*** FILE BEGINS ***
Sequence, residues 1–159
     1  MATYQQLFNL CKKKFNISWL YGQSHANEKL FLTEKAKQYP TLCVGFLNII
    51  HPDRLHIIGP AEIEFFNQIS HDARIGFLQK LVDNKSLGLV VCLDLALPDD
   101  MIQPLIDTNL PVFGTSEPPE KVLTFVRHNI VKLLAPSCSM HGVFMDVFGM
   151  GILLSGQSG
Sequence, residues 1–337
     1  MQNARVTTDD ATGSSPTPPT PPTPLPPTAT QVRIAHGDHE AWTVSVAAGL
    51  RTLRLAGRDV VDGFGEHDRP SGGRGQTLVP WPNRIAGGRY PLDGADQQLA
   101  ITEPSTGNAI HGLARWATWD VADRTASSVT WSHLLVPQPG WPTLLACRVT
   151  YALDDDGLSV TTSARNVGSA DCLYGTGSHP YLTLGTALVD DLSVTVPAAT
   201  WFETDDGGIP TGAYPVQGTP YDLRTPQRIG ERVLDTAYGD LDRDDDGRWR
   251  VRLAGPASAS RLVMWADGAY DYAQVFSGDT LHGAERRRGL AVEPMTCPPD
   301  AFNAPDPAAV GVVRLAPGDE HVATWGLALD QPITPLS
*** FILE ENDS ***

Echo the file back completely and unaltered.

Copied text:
Sequence, residues 1–159
     1  MATYQQLFNL CKKKFNISWL YGQSHANEKL FLTEKAKQYP TLCVGFLNII
    51  HPDRLHIIGP AEIEFFNQIS HDARIGFLQK LVDNKSLGLV VCLDLALPDD
   101  MIQPLIDTNL PVFGTSEPPE KVLTFVRHNI VKLLAPSCSM HGVFMDVFGM
   151  GILLSGQSG
Sequence, residues 1–337
     1  MQNARVTTDD ATGSSPTPPT PPTPLPPTAT QVRIAHGDHE AWTVSVAAGL
    51  RTLRLAGRDV VDGFGEHDRP SGGRGQTLVP WPNRIAGGRY PLDGADQQLA
   101  ITEPSTGNAI HGLARWATWD VADRTASSVT WSHLLVPQPG WPTLLACRVT
   151  YALDDDGLSV TTSARNVGSA DCLYGTGSHP YLTLGTALVD DLSVTVPAAT
   201  WFETDDGGIP TGAYPVQGTP YDLRTPQRIG ERVLDTAYGD LDRDDDGRWR
   251  VRLAGPASAS RLVMWADGAY DYAQVFSGDT LHGAERRRGL AVEPMTCPPD
   301  AFNAPDPAAV GVVRLAPGDE HVATWGLALD QPITPLS